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Ghost Stories of an Antiquary (M R James) online
'OH, WHISTLE, AND I'LL COME TO YOU, MY LAD'
The Colonel turned it over gingerly in the light of the candle.
'Can you make anything of the inscription?' asked Parkins, as he took it back.
'No, not in this light. What do you mean to do with it?'
'Oh, well, when I get back to Cambridge I shall submit it to some of the archaeologists there, and see what they think of it; and very likely, if they consider it worth having, I may present it to one of the museums.'
'M!' said the Colonel. 'Well, you may be right. All I know is that, if it were mine, I should chuck it straight into the sea. It's no use talking, I'm well aware, but I expect that with you it's a case of live and learn. I hope so, I'm sure, and I wish you a good night.'
He turned away, leaving Parkins in act to speak at the bottom of the stair, and soon each was in his own bedroom.
By some unfortunate accident, there were neither blinds nor curtains to the windows of the Professor's room. The previous night he had thought little of this, but tonight there seemed every prospect of a bright moon rising to shine directly on his bed, and probably wake him later on. When he noticed this he was a good deal annoyed, but, with an ingenuity which I can only envy, he succeeded in rigging up, with the help of a railway-rug, some safety-pins, and a stick and umbrella, a screen which, if it only held together, would completely keep the moonlight off his bed. And shortly afterwards he was comfortably in that bed. When he had read a somewhat solid work long enough to produce a decided wish to sleep, he cast a drowsy glance round the room, blew out the candle, and fell back upon the pillow.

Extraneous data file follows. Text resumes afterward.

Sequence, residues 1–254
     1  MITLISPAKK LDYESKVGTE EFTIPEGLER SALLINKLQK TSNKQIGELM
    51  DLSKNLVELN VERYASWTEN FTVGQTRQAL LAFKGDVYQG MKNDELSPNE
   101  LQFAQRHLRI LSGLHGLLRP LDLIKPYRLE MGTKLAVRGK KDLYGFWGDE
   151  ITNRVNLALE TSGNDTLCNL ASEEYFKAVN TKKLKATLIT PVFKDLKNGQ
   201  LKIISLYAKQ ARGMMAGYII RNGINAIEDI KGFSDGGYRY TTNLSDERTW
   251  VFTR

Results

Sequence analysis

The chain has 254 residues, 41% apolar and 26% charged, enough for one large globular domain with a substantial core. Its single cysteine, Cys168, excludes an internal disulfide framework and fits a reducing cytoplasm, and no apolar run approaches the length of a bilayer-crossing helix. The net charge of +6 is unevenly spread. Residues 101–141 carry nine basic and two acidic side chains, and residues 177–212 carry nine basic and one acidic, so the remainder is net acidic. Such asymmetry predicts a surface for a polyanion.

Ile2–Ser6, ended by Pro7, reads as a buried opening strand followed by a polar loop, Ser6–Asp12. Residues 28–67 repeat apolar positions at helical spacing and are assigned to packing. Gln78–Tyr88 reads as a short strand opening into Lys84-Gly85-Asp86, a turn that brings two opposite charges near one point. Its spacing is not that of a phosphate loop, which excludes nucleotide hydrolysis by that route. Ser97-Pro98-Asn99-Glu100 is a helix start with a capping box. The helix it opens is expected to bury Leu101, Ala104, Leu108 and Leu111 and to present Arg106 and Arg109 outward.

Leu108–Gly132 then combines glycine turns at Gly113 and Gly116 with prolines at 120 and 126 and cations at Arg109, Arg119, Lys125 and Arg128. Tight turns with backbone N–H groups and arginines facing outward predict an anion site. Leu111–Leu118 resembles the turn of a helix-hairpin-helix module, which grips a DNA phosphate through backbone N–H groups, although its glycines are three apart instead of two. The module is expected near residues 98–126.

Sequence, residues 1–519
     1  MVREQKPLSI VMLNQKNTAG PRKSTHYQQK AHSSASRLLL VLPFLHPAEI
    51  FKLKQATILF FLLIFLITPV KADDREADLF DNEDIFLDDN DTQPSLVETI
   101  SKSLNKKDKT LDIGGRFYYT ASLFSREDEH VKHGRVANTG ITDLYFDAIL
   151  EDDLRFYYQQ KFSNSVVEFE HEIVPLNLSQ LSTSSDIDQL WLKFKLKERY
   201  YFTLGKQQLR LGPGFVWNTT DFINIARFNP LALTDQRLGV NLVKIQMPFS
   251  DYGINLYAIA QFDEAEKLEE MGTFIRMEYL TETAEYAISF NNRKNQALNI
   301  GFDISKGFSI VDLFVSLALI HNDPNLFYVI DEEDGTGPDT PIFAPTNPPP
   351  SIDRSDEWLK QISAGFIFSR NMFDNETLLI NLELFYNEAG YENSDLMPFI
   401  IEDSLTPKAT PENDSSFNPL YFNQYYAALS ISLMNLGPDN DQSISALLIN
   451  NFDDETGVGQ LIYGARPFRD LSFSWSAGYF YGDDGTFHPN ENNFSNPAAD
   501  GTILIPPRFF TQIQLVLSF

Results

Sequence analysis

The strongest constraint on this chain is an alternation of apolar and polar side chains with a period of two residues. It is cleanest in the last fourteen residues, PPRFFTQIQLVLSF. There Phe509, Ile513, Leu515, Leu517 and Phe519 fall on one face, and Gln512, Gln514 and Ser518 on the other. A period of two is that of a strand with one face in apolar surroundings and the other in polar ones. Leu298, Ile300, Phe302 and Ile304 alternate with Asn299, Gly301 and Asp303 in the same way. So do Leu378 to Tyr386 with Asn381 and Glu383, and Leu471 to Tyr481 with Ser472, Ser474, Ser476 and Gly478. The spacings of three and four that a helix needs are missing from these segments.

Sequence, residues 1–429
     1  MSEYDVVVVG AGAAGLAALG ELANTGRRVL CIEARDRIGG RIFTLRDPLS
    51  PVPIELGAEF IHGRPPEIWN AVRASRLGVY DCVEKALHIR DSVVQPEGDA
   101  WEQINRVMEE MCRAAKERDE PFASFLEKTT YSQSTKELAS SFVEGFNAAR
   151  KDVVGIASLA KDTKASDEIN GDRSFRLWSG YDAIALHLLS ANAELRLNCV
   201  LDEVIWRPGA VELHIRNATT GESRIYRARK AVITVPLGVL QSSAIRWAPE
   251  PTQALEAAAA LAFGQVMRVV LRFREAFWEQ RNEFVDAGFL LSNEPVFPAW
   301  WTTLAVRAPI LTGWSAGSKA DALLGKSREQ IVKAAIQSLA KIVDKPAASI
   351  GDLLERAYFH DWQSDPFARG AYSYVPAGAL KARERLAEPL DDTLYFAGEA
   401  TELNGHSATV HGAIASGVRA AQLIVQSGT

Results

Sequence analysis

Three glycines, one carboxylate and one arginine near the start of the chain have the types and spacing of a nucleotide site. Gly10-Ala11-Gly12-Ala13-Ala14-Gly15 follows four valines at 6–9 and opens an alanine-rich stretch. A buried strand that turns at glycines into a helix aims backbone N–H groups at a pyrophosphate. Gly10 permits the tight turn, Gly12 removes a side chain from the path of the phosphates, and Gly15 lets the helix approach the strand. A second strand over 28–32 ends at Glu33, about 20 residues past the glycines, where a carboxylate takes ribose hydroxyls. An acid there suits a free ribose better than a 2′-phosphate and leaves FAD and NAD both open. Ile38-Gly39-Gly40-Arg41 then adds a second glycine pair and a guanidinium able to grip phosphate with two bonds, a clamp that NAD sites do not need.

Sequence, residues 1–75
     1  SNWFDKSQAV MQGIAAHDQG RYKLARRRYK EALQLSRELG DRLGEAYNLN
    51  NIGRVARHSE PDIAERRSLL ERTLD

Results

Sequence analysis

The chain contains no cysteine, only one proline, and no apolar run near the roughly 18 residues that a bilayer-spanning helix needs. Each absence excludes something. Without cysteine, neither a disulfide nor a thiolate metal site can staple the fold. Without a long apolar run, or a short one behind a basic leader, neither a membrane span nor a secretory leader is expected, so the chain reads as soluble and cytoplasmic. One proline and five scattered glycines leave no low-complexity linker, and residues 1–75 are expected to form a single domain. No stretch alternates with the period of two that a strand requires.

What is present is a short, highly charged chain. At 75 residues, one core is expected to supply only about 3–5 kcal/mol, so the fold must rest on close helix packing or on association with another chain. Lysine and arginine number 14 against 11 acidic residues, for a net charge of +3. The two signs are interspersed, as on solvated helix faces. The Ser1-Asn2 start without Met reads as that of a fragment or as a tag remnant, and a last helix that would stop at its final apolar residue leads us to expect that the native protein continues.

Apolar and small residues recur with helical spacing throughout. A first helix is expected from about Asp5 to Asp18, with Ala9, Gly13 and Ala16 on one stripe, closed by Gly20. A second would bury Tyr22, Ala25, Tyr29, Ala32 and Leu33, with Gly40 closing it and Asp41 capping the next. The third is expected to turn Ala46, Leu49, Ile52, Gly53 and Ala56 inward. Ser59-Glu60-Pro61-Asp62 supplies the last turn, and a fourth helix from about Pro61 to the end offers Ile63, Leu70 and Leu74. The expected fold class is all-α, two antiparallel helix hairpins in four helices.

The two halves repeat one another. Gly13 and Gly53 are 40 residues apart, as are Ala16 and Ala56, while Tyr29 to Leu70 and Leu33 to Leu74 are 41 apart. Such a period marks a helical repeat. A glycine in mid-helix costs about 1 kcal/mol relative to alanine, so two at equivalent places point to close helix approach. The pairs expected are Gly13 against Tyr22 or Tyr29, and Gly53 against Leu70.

He must have slept soundly for an hour or more, when a sudden clatter shook him up in a most unwelcome manner. In a moment he realized what had happened: his carefully-constructed screen had given way, and a very bright frosty moon was shining directly on his face. This was highly annoying. Could he possibly get up and reconstruct the screen? or could he manage to sleep if he did not?
For some minutes he lay and pondered over all the possibilities; then he turned over sharply, and with his eyes open lay breathlessly listening. There had been a movement, he was sure, in the empty bed on the opposite side of the room. Tomorrow he would have it moved, for there must be rats or something playing about in it. It was quiet now. No! the commotion began again. There was a rustling and shaking: surely more than any rat could cause.
I can figure to myself something of the Professor's bewilderment and horror, for I have in a dream thirty years back seen the same thing happen; but the reader will hardly, perhaps, imagine how dreadful it was to him to see a figure suddenly sit up in what he had known was an empty bed. He was out of his own bed in one bound, and made a dash towards the window, where lay his only weapon, the stick with which he had propped his screen. This was, as it turned out, the worst thing he could have done, because the personage in the empty bed, with a sudden smooth motion, slipped from the bed and took up a position, with outspread arms, between the two beds, and in front of the door. Parkins watched it in a horrid perplexity. Somehow, the idea of getting past it and escaping through the door was intolerable to him; he could not have borne--he didn't know why--to touch it; and as for its touching him, he would sooner dash himself through the window than have that happen. It stood for the moment in a band of dark shadow, and he had not seen what its face was like. Now it began to move, in a stooping posture, and all at once the spectator realized, with some horror and some relief, that it must be blind, for it seemed to feel about it with its muffled arms in a groping and random fashion. Turning half away from him, it became suddenly conscious of the bed he had just left, and darted towards it, and bent and felt over the pillows in a way which made Parkins shudder as he had never in his life thought it possible. In a very few moments it seemed to know that the bed was empty, and then, moving forward into the area of light and facing the window, it showed for the first time what manner of thing it was.